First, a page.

The number of ads in high definition grew to 17% in the first quarter of 2011 from 13% in the fourth quarter of 2010 but continued to lag significantly behind the number of homes with HD sets, which are now in well over three fifths of all households, according to a new report from Extreme Reach, a provider of advertising management and distribution tools.
The newest data found once again that local markets lagged behind national broadcast and cable networks and that smaller local markets were the worst performers. About 42% of local broadcast and cable operations were able to accept HD ads, compared to 71% among national programmers.
The report also found that "near universal" ability to accept HD ads in the ABC, CBS, NBC and Fox affiliates in large markets, with all of these network affiliates in New York City, Los Angeles and Chicago now able to take HD ads.
"The issue of local coverage appears to be the most prevalent across smaller stations in smaller markets," the report concluded.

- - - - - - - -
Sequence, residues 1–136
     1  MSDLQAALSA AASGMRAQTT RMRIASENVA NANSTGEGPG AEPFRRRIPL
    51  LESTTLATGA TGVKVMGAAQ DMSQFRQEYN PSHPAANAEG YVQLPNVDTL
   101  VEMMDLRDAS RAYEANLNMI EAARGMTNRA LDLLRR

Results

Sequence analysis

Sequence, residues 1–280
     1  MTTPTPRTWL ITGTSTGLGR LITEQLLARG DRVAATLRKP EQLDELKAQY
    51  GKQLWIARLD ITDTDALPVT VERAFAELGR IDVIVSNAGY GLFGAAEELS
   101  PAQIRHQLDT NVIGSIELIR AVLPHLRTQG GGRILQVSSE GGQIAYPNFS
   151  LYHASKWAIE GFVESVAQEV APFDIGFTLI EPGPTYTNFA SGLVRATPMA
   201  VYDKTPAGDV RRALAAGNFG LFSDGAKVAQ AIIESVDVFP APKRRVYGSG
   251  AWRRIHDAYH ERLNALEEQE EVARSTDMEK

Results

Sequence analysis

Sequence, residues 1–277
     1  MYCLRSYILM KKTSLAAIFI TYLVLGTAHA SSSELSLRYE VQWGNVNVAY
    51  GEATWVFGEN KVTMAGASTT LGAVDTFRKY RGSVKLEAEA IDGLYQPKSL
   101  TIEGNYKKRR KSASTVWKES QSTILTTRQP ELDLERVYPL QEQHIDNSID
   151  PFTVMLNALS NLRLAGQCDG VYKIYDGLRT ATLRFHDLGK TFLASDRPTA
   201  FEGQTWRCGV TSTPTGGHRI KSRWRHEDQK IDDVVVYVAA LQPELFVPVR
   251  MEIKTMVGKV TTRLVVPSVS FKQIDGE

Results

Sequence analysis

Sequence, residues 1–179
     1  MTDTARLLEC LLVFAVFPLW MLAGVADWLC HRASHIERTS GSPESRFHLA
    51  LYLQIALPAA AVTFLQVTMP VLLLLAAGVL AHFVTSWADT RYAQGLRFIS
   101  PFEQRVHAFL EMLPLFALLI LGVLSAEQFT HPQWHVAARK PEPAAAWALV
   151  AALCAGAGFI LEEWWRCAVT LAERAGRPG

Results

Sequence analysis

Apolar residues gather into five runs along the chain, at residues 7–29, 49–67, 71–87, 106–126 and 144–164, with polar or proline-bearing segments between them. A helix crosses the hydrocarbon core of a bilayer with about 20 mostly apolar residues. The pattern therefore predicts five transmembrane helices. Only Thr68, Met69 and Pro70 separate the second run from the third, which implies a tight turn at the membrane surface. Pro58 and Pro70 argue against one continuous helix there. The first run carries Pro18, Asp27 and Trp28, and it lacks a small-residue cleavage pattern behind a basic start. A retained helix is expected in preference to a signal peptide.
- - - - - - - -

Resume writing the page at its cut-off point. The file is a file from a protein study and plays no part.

While 91% of the respondents to the Extreme Reach survey believed that HD ads improve brand performance and another 76% believed that HD helps give advertisers a competitive advantage, the report also cited a number of hurdles that continue to limit the number of HD ads being aired in their native resolution.
About 35% of the respondents to the survey noted that getting the ads into the right format was a problem that limited the number of HD ads being sent out; another 53% cited the fact that many outlets won't accept HD ads as a reason for not producing or sending out the ads in HD.
The higher price of HD was also regularly cited, with 35% noting that HD production costs were a "significant hurdle" and 41% calling distribution costs a "significant hurdle."
The data on the number of HD ads being delivered was based on 124,000 ads sent over the Extreme Reach network in the first quarter of 2011; the survey data relating to hurdles facing brands trying to send out HD ads was based on 160 respondents at 145 ad agencies, advertisers and production companies.